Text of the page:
§ From James Sheafe
8 December 1804, Portsmouth, New Hampshire. “I received some time ago the enclosed representation to the Minister of the U. S. then at Paris.1 I was personally acquainted in France with the late consul of the U. S. at Nantes Thomas Dobrée2 and with his son the present Thomas Dobrée a very respectable Merchant in that city and in my opinion a very suitable person for a commercial Agent there when either from resignation or absence it may be necessary to make a new appointment—it is not intended to suggest any thing unfavorable to the present com. A of U.S. for Nantes but only that the enclosed representation may be considered in case of vacancy.
“Your very obliging attention to my claims on the French Republic on my application to you in Washington & since3 encourages me now to take the liberty to send this representation direct to you having no doubt such use will be made of it when necessary as may be proper. It was sent me under the expectation that I was a member of the Senate of U. S.—my resignation not being known to Mr. Dobrée.”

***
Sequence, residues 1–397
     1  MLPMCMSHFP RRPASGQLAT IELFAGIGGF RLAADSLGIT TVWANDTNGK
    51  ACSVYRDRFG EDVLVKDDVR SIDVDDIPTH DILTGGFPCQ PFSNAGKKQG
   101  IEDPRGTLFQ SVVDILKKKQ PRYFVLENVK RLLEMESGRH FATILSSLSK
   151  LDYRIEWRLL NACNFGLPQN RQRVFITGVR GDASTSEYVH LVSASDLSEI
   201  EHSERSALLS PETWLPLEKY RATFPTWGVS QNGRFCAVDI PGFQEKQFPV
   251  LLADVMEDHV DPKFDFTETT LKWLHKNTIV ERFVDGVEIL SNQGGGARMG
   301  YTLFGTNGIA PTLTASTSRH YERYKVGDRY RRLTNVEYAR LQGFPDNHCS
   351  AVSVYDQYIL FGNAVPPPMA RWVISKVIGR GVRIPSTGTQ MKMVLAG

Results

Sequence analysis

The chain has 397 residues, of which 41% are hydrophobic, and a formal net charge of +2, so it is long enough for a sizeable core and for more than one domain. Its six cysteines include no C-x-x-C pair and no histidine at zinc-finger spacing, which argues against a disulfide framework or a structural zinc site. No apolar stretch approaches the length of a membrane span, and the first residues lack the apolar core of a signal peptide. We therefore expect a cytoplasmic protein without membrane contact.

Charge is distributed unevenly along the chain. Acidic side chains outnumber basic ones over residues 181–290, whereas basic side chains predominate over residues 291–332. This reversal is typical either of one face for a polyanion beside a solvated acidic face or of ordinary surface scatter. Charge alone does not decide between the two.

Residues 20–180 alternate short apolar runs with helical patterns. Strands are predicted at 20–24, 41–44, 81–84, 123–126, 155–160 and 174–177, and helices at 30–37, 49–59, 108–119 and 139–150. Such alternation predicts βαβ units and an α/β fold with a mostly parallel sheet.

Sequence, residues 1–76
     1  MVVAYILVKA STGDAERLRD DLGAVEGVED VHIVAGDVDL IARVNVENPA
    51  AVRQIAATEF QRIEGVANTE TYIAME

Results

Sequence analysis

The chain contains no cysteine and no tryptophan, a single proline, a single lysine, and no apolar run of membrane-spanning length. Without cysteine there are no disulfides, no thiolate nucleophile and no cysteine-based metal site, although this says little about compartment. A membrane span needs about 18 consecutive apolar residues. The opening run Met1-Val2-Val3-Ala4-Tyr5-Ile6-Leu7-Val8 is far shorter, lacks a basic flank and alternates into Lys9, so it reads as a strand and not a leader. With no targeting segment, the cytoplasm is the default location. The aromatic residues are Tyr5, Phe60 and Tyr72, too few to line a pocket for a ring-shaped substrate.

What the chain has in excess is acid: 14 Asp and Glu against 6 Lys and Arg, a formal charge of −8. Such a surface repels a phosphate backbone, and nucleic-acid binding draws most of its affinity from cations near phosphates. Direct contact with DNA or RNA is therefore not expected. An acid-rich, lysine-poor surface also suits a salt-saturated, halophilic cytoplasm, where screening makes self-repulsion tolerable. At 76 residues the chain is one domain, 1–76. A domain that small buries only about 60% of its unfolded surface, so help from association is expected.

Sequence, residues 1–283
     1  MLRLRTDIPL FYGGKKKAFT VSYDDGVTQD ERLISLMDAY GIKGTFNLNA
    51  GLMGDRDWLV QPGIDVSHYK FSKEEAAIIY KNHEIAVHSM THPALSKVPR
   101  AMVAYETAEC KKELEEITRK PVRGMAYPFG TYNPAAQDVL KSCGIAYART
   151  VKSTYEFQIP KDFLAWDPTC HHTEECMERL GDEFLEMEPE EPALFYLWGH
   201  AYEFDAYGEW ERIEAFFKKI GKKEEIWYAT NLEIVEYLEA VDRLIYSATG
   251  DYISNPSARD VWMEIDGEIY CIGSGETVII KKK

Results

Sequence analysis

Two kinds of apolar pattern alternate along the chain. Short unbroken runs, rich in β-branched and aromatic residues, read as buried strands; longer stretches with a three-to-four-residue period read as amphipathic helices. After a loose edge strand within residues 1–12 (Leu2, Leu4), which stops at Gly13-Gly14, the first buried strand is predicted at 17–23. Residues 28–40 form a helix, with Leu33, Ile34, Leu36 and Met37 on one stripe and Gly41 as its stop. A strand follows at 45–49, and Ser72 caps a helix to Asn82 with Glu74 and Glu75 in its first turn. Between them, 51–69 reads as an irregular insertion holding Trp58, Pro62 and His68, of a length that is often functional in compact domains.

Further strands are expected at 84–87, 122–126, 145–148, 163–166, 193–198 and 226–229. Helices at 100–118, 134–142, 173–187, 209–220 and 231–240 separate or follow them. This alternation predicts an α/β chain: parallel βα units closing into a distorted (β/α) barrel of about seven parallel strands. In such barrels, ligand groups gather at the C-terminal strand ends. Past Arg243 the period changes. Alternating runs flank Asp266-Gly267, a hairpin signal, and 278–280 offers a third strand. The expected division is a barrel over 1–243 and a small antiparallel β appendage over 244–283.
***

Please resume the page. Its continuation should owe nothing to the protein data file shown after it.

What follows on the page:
RC and enclosure (DNA: RG 59, LAR, 1801–9, filed under “Dobree”). RC 2 pp.; in a clerk’s hand, signed by Sheafe; docketed by Jefferson. For enclosure, see n. 1.
1. The enclosure (2 pp.) is an undated petition to Robert R. Livingston from six ship captains and a supercargo at Nantes asking that Thomas Dobrée, son of the late consul there, be given the post in preference to Simon A. Lynch, whose “Affairs are somewhat deranged” and who had not appeared “for some time since at the Exchange.” Jefferson appointee William Patterson had named Lynch as deputy consul during Patterson’s absence from the post (Lynch to JM, 1 May 1804, PJM-SS description begins Robert J. Brugger et al., eds., The Papers of James Madison: Secretary of State Series (7 vols. to date; Charlottesville, Va., 1986–). description ends , 7:126).
2. The deceased consul was Pierre-Frédéric Dobrée (ibid., 2:19 n., 211).